Barn Owls - Tyto alba
These pale, nearly worldwide, birds are closely associated with man through their traditional use in the Old World of barn lofts and church steeples as nesting sites. Although widely known beforehand, it was in 1769 when the Barn Owl was first officially described by Giovanni Scopoli, an Italian naturalist. The species name "alba" also refers to the colour white. Other names for the Barn Owl have included Monkey-faced Owl, Ghost Owl, Church Owl, Death Owl, Hissing Owl, Hobgoblin or Hobby Owl, Golden Owl, Silver Owl, White Owl, Night Owl, Rat Owl, Scritch Owl, Screech Owl, Straw Owl, Barnyard Owl and Delicate Owl. Common Misspellings: barnowl
Description: The Upperparts are light grey with numerous fine dark lines and scattered pale spots on the feathers. There are buff markings on wings and on the back. The underparts are white with a few black spots, occasionally none. Feathering on the lower legs may be sparse. The heart-shaped facial disc is white with a brownish edge, with brown marks at the front of the eyes, which have a black iris. Its beak is off-white and the feet are yellowish-white to brownish. Males and females are similar in size and colour, females and juveniles are generally more densely spotted.
Size: Female: Length 34-40cm (13½-15½") Wingspan 110cm (43") Weight 570g (20oz)Male: Length 32-38cm (12½-15") Wingspan 107cm (42") Weight 470g (15½oz)
Voice: The Barn Owl calls infrequently, the usual call being a drawn-out rasping screech <
."http://www.owlpages.com/species/tyto/alba/sounds/Tyto_alba_Adult.mp3>. <http://www.owlpages.com/species/tyto/alba/sounds/Tyto_alba_Adult.mp3> The courtship call of male at nest is a shrill repetitive twittering. Adults returning to a nest may give a low, frog-like croak. When surprised in its roosting hollow or nest, it makes hissing and rasping noises and snapping sounds that are often called bill snapping, but possibly made by clicking the tongue.
Hunting & Food: Barn Owls specialise in hunting small ground mammals, and the vast majority of their food consists of small rodents. In Australia, the introduced House Mouse (Mus musculus) forms the staple diet. In America and Europe, voles (field mice) are the single most important food, followed by shrews, mice and rats. Barn Owls breed rapidly in response to mouse plagues. Other prey may include baby rabbits, bats, frogs, lizards, birds and insects. Prey are usually located by quartering up and down likely looking land - particularly open grassland. They also use low perches such as fence posts to seek quarry. Barn Owls rely greatly on their silent flight and extremely acute hearing to locate prey. The sound of the Barn Owls wings are muffled by a velvety pile on the feather surface. In addition, the leading edges of the wing feathers have a fringe or fine comb which deadens the sound of the wing beats.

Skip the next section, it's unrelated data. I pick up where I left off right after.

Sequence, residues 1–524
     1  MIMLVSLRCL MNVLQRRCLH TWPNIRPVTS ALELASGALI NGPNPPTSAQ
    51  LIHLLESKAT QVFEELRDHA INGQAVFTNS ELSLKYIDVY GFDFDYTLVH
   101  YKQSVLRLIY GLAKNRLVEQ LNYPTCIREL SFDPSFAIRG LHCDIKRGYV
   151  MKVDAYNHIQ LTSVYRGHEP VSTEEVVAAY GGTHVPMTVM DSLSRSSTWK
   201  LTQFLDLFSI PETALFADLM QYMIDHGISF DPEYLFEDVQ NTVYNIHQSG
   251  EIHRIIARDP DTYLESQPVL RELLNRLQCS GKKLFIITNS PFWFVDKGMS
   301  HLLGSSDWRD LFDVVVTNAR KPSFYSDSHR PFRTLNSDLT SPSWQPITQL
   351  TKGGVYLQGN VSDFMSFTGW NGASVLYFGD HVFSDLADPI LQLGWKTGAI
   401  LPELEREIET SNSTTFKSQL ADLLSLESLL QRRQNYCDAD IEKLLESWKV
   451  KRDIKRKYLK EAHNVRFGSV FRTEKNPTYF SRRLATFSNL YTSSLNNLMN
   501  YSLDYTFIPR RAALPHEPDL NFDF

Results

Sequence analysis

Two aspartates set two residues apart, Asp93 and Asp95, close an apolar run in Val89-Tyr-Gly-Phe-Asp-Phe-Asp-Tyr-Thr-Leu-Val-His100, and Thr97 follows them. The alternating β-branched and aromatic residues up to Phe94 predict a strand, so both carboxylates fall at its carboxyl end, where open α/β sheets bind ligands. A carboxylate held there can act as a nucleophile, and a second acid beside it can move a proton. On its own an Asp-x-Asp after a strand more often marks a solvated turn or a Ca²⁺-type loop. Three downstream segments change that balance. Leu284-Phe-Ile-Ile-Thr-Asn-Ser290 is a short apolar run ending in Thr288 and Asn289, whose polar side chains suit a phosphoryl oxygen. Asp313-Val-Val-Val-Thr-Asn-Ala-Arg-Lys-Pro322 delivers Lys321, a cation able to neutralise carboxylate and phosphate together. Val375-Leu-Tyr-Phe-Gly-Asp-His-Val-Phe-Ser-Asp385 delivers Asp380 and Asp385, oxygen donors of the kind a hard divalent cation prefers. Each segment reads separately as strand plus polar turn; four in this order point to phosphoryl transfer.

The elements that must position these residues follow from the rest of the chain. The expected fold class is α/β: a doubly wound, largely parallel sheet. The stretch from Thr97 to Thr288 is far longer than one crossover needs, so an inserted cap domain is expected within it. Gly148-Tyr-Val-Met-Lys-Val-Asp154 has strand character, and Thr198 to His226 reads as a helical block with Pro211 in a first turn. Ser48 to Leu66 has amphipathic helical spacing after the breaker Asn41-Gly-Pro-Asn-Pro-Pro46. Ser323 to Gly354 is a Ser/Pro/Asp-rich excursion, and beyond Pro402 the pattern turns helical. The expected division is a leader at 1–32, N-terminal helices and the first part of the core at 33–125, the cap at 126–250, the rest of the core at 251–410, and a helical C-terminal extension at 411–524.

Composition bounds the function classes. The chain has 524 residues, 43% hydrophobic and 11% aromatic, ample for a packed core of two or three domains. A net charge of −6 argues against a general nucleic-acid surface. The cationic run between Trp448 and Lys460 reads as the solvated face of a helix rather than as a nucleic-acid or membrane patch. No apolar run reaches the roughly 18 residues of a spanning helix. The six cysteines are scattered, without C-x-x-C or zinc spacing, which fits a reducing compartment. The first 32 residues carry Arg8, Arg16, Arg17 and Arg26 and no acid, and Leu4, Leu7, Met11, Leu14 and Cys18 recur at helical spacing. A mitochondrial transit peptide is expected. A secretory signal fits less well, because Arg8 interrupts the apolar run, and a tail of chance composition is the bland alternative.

The silent flight prevents the Owls victim from hearing its approach, and also aids the Owls own hearing. The ear openings are at slightly different levels on the head, and set at different angles. They are covered by a flexible ruff made up of short, densely webbed feathers which frames the face, turning it into a dish-like reflector for sound. This gives the Barn Owl very sensitive and directional hearing, with which it can locate prey even in total darkness.
Breeding: Barn Owls will breed any time during the year, depending on food supply. In a good year, a pair may breed twice. Rodent plagues cause Barn Owl numbers to increase dramatically. During courting, males may circle near the nest tree, giving short screeches and chattering calls. The majority of Barn Owls nest in tree hollows up to 20 metres high. They will also nest in old buildings, caves and well shafts. 3 to 6 eggs are laid (occasionally up to 12) at 2 day intervals. The eggs are 38 to 46mm (1½-1.8") long and 30 to 35mm (1.2-1.4") wide and will be incubated for 30 to 34 days. Chicks are covered in white down and brooded for about 2 weeks, and are fledged in 50 to 55 days. After this, they will remain in the vicinity for a week or so to learn hunting skills and then rapidly disperse from the nest area. Young birds are able to breed at about 10 months.
Mortality: Barn Owls are short-lived birds. Most die in their first year of life, with the average life expectancy being 1 to 2 years in the wild. In North America the oldest known Barn Owl in the wild lived to be 11 years, 6 months. In Holland, a wild barn owl lived to be 17 years, 10 months old. In England, a captive female barn owl was still breeding at 22 years old!
Habitat: The Barn Owl is found in virtually all habitats but much more abundantly in open woodland, heaths and moors than forested country. They usually roost by day in tree hollows but have also been found in caves, wells, out-buildings or thick foliage.